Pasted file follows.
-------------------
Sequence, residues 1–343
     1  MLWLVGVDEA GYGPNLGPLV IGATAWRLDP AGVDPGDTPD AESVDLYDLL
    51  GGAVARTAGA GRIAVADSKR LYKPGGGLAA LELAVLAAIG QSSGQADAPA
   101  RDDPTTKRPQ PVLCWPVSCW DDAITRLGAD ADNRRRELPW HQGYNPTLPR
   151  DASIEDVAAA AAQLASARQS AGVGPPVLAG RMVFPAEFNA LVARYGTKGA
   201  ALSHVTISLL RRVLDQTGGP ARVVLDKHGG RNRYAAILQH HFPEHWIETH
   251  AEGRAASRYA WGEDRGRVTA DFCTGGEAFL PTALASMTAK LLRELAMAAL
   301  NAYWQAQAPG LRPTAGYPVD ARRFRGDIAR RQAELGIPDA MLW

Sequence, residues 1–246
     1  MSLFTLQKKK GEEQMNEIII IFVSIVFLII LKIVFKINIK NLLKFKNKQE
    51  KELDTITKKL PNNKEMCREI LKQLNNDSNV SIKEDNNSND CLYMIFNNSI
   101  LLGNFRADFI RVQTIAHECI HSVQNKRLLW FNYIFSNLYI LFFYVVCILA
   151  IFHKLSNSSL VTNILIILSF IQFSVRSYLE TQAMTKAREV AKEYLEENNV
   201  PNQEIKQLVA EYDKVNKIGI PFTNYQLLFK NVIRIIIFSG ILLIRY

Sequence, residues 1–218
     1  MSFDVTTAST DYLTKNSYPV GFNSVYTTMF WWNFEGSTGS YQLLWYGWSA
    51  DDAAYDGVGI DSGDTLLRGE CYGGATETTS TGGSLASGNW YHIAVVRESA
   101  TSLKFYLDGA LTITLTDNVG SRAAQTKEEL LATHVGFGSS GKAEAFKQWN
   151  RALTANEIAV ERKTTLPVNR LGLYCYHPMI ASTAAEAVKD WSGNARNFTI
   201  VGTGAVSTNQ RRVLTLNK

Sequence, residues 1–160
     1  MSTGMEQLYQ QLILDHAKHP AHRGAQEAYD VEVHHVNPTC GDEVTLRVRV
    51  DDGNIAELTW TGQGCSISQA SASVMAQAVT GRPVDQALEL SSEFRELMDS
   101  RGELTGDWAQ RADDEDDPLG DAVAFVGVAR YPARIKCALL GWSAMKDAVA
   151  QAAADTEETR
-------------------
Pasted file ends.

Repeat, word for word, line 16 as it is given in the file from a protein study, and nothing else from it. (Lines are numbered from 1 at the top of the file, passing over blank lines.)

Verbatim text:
     1  MSFDVTTAST DYLTKNSYPV GFNSVYTTMF WWNFEGSTGS YQLLWYGWSA